First Minister Nicola Sturgeon is set to present the case for a second referendum on independence which is “beyond legal challenge” on Thursday.
The SNP leader will unveil Scotland’s Right To Choose at a press conference at Bute House. The party claims it will outline the “clear democratic right” for a transfer of power on referendums from Westminster to Holyrood.
This, they argue, would bring Scotland’s decision to host a second referendum in six years “beyond legal challenge”.
At last week’s general election, the SNP won 47 of the 59 seats available, with an independent MP Neale Hanvey, having previously been a member of the party, also backing separation.
Ms Sturgeon said this means the party has a mandate to lead another referendum on whether Scotland should be an independent country, in addition to the “material change” in the country brought about by Brexit.
The SNP manifesto says the party would campaign for a second referendum to be held before next Christmas.
At Thursday’s event, Ms Sturgeon is expected to say: “There is a clear mandate for this nation to have the power to decide its own future.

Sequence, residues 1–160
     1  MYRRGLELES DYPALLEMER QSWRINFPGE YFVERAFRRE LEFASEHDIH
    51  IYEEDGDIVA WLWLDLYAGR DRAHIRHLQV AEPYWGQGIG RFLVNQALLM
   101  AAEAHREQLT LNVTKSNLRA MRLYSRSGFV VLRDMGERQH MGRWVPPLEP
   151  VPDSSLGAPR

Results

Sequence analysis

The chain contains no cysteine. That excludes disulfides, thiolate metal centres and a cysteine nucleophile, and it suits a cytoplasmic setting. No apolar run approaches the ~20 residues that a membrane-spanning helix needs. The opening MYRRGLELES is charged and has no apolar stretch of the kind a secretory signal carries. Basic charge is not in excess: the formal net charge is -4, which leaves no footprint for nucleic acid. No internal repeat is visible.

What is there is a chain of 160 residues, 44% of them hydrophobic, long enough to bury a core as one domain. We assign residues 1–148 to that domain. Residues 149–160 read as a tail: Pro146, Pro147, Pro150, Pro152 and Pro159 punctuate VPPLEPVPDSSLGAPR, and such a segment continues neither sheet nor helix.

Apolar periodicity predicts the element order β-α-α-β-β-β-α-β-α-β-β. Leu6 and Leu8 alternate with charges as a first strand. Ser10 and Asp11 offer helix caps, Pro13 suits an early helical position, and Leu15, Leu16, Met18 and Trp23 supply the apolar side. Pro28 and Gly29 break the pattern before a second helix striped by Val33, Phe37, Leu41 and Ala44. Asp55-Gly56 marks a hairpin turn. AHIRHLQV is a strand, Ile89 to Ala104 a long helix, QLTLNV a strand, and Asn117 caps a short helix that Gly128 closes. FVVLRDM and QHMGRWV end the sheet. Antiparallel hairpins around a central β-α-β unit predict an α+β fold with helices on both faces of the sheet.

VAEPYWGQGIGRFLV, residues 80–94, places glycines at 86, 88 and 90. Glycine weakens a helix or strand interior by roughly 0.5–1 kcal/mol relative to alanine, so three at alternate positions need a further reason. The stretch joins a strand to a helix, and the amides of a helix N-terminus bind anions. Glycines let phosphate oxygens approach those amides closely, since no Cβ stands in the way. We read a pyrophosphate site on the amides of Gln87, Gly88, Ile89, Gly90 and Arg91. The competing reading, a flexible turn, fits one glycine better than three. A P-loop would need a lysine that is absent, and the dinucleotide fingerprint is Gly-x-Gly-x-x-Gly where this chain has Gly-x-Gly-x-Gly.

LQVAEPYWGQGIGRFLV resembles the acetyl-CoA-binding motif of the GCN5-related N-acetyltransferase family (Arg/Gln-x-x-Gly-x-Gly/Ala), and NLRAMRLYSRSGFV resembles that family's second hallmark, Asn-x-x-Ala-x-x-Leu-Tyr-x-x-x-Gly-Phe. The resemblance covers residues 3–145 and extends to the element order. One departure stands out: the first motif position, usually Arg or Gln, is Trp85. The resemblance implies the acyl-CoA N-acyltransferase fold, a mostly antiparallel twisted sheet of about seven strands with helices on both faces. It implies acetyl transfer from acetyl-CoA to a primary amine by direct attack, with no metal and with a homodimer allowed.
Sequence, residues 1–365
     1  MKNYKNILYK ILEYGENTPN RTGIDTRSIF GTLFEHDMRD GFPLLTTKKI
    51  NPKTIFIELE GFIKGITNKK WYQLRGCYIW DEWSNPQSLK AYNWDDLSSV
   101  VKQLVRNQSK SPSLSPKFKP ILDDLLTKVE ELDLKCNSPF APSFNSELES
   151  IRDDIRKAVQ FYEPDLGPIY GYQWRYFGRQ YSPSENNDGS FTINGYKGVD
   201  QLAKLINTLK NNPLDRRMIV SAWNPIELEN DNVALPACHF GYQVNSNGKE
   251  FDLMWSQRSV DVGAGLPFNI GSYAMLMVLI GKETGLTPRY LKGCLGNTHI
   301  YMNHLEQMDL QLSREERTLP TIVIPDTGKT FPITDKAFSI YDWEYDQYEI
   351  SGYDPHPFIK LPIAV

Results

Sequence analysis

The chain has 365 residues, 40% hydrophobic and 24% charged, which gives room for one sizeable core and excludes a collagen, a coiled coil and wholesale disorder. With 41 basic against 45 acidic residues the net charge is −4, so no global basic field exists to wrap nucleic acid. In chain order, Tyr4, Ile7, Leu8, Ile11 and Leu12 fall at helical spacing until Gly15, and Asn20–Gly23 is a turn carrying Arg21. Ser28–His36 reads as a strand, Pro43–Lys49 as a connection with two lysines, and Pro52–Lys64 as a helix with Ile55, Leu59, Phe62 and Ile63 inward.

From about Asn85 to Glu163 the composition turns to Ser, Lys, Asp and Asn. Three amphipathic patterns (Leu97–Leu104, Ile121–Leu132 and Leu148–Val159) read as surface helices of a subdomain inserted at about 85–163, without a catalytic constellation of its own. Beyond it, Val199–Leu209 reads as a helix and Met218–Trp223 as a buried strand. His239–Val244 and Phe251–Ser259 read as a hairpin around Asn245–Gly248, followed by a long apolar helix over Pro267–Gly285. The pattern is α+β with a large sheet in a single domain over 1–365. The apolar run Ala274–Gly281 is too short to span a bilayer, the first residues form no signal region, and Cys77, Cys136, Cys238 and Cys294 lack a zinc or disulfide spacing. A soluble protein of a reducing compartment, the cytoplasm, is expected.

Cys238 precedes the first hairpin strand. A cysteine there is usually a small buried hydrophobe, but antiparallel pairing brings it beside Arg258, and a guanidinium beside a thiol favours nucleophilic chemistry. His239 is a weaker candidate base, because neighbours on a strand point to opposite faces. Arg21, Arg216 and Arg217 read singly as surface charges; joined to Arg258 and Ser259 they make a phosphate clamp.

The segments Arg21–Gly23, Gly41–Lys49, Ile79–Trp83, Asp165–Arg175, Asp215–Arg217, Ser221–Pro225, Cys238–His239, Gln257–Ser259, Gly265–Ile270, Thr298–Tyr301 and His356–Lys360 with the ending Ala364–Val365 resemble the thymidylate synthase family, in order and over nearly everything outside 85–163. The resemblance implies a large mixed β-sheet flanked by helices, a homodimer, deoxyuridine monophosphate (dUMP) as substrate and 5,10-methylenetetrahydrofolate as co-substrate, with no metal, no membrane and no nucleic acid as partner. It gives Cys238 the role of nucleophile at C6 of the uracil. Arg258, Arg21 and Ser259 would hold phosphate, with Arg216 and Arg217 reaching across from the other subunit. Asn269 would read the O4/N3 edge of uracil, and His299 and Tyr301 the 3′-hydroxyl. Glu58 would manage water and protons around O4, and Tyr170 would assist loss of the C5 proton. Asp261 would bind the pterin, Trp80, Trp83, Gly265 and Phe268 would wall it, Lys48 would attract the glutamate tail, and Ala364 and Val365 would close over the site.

“The result of last week’s General Election makes that mandate unarguable. So with the publication of this document, we lay out the detailed case for putting Scotland’s future into Scotland’s hands.
“We will take forward work to update the detailed and substantive case for independence. But, whatever people’s views on the issue of independence itself, there is a wide and growing consensus that Scotland must be able to choose its own future.
“Now that the election is over, and the result so overwhelmingly clear, I believe that consensus is growing by the day.
“And let me be clear, the demand for this country to have the right to determine its own path comes not just from me as First Minister – it flows from the people of Scotland and the verdict they delivered last week.”
She will say the Scottish Government believes that right should be exercised free from the threat of legal challenge, and that a referendum must be accepted as legitimate in Scotland and the UK, as well as in the EU and the wider international community.
“There is no doubt whatsoever there has been a material change in circumstances since 2014,” she will say.
“It is not the time for Scotland to give up on reasoned and democratic argument – but to pursue it ever more confidently.”
Kirkcaldy and Cowdenbeath MP Mr Hanvey was suspended by the SNP ahead of the election following the revelation he had posted anti-Semitic Facebook posts.
He is currently suspended pending investigation.